Feds draw picture for jurors as Rowland case nears its end

New Haven – Former Gov. John G. Rowland, who is accused of entering into a sham consulting deal with Apple Rehab to hide his status as a paid adviser to Lisa Wilson-Foley’s 2012 congressional campaign, wrote 10 times as many emails to the campaign as to the nursing home company during his six months as an Apple consultant.

The government rested its case Monday after presenting a graphical analysis of emails and phone calls Rowland exchanged with Wilson-Foley’s campaign and Apple Rehab, the chain of 26 nursing homes owned by the candidate’s husband, Brian Foley.

The defense strongly hinted its short witness list will not include Rowland. The jury could get the case Wednesday.

After nine days of testimony in U.S. District Court, the U.S. Attorney’s office literally tried to draw a picture for the jury Monday, offering graphics to buttress testimony from Foley that the Apple contract was a sham to keep Rowland’s name off Wilson-Foley’s campaign finance reports.

The graphics were introduced in testimony by Mark Borofsky, a government evidence analyst. The defense tried unsuccessfully to block his graphics from being introduced as evidence.

Borofsky, an analyst assigned to the U.S. Postal Inspection Service, examined emails Rowland wrote to Wilson-Foley during her 2010 campaign for lieutenant governor, when Rowland volunteered as an adviser, and emails he exchanged with Apple executives and her congressional campaign.

Rowland was hired as an Apple consultant in October 2011 after Wilson-Foley’s campaign staff told her that Rowland’s status as a felon who was forced to resign as governor would be politically damaging if he were publicly identified as a campaign consultant.

He was paid $5,000 under the terms of a six-month contract that ran from October 2011 to April 2012. Foley had directed his lawyer to offer a six-month extension, a deal killed after Rowland’s involvement with the company became public.

Rowland wrote 280 emails to the campaign and 28 to Apple, not including another dozen emails setting the terms of his contract. In all, he exchanged 787 emails with the campaign, compared to 63 with Apple, not including 20 regarding the terms of the contract.

Other comparisons: he exchanged slightly more emails with Chris Covucci, who was Wilson-Foley’s campaign manager for just six weeks, than he did with Apple’s chief operating and chief financial officers over six months.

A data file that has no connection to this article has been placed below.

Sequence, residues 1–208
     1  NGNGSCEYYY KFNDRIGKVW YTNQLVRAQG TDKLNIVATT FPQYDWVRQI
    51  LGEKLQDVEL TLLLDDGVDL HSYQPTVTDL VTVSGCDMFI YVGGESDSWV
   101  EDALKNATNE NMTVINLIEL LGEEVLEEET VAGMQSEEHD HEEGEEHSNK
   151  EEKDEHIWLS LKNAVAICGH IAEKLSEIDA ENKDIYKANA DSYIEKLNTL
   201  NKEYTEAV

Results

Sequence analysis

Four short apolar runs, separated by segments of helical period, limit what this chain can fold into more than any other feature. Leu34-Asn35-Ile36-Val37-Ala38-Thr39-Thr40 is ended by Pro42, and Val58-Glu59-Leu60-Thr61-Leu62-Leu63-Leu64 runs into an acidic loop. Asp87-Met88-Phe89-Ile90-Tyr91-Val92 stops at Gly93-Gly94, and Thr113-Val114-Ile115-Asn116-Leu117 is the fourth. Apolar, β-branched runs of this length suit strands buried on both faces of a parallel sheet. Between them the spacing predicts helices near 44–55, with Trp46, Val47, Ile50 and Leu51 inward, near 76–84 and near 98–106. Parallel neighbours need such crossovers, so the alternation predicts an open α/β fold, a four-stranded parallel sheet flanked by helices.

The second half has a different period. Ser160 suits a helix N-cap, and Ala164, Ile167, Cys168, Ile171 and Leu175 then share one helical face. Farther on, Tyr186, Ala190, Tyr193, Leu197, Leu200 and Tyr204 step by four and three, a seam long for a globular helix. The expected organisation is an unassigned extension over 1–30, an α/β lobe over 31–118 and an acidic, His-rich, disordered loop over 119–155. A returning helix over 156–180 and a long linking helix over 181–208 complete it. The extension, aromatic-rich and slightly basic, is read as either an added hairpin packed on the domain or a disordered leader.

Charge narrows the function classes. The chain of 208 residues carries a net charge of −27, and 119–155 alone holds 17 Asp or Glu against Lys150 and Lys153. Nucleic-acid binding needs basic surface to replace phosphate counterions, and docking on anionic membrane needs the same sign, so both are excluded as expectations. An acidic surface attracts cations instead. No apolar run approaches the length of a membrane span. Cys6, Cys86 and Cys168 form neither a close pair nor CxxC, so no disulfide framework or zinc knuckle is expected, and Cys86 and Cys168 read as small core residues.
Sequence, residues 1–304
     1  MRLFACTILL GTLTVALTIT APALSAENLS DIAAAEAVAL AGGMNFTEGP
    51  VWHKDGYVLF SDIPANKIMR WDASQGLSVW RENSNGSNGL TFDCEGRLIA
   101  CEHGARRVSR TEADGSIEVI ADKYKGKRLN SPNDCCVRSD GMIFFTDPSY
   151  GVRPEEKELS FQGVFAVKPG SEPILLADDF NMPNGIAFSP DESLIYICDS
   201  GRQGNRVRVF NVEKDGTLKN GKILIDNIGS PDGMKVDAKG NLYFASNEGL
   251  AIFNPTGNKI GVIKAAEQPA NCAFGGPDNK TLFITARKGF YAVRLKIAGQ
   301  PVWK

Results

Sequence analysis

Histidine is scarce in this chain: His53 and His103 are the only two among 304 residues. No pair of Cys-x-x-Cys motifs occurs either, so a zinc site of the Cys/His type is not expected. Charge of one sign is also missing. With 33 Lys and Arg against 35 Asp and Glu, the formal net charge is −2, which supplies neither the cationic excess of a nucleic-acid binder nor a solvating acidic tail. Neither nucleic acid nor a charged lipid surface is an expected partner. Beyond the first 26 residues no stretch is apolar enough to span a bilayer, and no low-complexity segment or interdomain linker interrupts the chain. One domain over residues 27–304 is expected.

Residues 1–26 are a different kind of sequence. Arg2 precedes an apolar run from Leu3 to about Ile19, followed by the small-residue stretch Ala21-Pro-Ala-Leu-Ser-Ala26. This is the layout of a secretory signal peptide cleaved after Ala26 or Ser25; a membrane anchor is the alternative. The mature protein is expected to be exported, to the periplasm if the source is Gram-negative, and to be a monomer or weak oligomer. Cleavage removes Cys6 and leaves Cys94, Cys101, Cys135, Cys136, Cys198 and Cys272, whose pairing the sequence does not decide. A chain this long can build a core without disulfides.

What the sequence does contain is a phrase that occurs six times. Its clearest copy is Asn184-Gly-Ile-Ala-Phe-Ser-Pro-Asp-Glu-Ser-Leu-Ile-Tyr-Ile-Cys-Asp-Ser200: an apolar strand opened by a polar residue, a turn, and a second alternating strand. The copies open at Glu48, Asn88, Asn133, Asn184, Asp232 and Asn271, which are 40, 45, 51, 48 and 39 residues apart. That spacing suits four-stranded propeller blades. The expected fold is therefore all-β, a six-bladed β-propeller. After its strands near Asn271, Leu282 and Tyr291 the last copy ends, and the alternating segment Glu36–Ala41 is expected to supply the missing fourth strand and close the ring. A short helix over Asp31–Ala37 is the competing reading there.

The defense is to begin its case with testimony from two Apple Rehab executives. Rowland’s lawyers have not indicated if the former governor will testify in his own defense.

Senior Judge Janet Bond Arterton advised Rowland that he has the right to testify, but should make that decision after consulting with his lawyers about the advantages and pitfalls.

She noted that one obvious pitfall would be the government’s right to question him during cross-examination about his guilty plea to federal corruption charges in connection with his resignation as governor in 2004.

“Keep all those things in mind. There is an upside to having the jury hear. There is a downside to what the jury may hear,” Arterton told Rowland.

If Rowland does not testify, she said, the jury will be instructed to draw no adverse inference.

“It is your right and your call,” she said.

The first defense witness was Brian Bedard, the chief operating officer of Apple Rehab. He testified that Rowland held meetings with Apple executives on a number of issues.

Reid Weingarten, the former governor’s lawyer, asked if Foley ever told Bedard that Rowland’s contract was to hide his political consultant.

“Absolutely not,” he replied.

Foley, who acknowledged that Rowland did some legitimate work for Apple, had previously testified that he told no one that the Apple contract was a ruse.

In response to questions from Weingarten, Bedard said Foley often hired consultants without informing senior staff.

Weingarten told Arterton that Bedard, who will return to the stand Tuesday, might be his only witness. If so, the stage could be set for the jury to begin deliberations Wednesday.

 

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